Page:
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Soup ‘em, Spice ‘em, Sprout ‘em! 3 Must-Try Lentil Dishes from Across India

aals are comfort food in virtually every Indian home. And each region in the country has its own favourite way of preparing them. Soup ‘em, spice ‘em or sprout ‘em – but get your daily dose of healthy protein with any of these 10 must-try lentil dishes.
Hear that sound? It’s the pressure cooker whistle going off in your own kitchen or in the next door flat. Whatever else there may be for dinner, some kind of daal is certain to make it to the table – be it sambhar or aamti or daal makhni or some new moong recipe your mom just learnt on Khana Khazana.
Daals have been on the Indian menu since pre-Harappa days, even before rice and roti made an appearance in the Indian thali. Old texts speak of simple recipes of daals being served to guests as part of celebratory meals — like at the wedding of Chadragupta Maurya with the Greek princess Helen in 303 BC.
You’ve probably tasted many varieties of daals – moong, urad, toor, masoor. But if you’ve only tasted them cooked one way, in the style of your local region, you’re missing out on some fantastic culinary experiences from the rest of India. Here are 10 different ways you can cook daal at home, or sample when dining in another state of the country. Go on, experiment!

 1. Aamti, Maharashtra

A little hot, a little sweet and a little tangy, Aamti is the essence of the daily menu in Maharashtrian homes.  Usually made with toor dal, it is seasoned with a special aamti powder (or goda masala), mustard seeds, jaggery and kokam.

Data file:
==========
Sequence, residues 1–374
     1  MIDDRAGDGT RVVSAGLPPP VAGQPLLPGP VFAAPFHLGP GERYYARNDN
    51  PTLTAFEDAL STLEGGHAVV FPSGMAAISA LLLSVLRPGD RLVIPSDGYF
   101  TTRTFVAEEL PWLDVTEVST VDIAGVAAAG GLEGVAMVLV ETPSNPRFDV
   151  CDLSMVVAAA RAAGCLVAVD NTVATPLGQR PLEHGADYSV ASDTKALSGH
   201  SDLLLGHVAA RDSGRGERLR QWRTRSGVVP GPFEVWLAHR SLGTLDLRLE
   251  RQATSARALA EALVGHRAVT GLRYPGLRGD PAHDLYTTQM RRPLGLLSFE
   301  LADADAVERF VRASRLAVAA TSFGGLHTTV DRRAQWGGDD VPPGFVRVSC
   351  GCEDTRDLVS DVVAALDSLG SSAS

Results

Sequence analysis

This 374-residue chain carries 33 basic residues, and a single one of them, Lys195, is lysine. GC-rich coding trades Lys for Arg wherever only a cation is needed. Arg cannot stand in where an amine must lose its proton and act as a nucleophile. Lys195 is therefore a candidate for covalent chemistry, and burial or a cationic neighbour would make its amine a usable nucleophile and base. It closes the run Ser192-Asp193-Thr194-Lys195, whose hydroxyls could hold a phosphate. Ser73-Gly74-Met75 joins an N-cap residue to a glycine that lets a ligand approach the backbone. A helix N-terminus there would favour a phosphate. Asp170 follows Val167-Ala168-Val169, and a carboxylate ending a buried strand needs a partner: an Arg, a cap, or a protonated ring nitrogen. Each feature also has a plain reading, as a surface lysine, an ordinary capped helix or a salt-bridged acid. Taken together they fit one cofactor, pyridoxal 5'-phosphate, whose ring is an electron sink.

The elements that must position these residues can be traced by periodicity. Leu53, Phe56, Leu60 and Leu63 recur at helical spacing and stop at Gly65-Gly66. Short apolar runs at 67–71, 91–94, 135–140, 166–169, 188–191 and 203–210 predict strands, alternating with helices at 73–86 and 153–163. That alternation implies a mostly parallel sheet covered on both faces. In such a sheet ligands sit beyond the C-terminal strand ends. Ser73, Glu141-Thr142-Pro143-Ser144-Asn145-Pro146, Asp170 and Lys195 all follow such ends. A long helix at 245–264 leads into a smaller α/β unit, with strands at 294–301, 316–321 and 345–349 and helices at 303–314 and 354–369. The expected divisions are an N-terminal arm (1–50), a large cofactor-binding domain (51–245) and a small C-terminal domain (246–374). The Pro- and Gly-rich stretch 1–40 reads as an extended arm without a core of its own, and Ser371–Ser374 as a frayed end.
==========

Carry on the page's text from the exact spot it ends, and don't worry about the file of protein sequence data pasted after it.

Aamti can be made with other varieties of lentils as well and is known by different names like Katachi Aamti (made with chana daal), or Golyanchi Aamti (fried balls in daal) or Masoor Aamti (made with red lentil). Aamti is best served with fresh steamed rice and a dollop of ghee.

2. Sambhar, South India

Sambhar is said to have originated in the kitchen of the Thanjavur Marathas ruler Shahji during the 17th century, in the South Indian state of Tamil Nadu. Shahji named it sambhar after Sambhaji, the second emperor of the Maratha empire, who was the guest of the day at a feast he held.

Other sources point to the origin of sambhar in Karnataka, where sambaru padartha in Kannada means mix of spices and condiments. There is also an alternate explanation that the origin of the name is from the old Tamil word, chaampu, meaning ground or paste, in the context of grinding coconut and spices to be dissolved in tamarind pulp.
Today, there are a variety of sambhars in Tamil Nadu, Andhra Pradesh and Karnataka. Each state, restaurant, home boasts of its secret sambhar powder recipe.

3. Daal Makhni, Punjab

Also known as ‘maa ki daal,’ this rich daal dish originated from the Punjab region of India and Pakistan. The primary ingredients in dal makhani are urad daal, rajma (kidney beans), butter and cream.
Daal makhani was a staple in united India before Partition. It was popularized in India following Partition, when many Punjabis migrated to the northern regions of India. The dish was also introduced to many consumers by entrepreneurial Punjabi migrants like Kundan Lal Gujaral who opened the Moti Mahal restaurant in Daryaganj in Delhi. Now, of course, you can sample various delicious versions of the dish at any of the highway dhabas while travelling by road in Punjab or Haryana.
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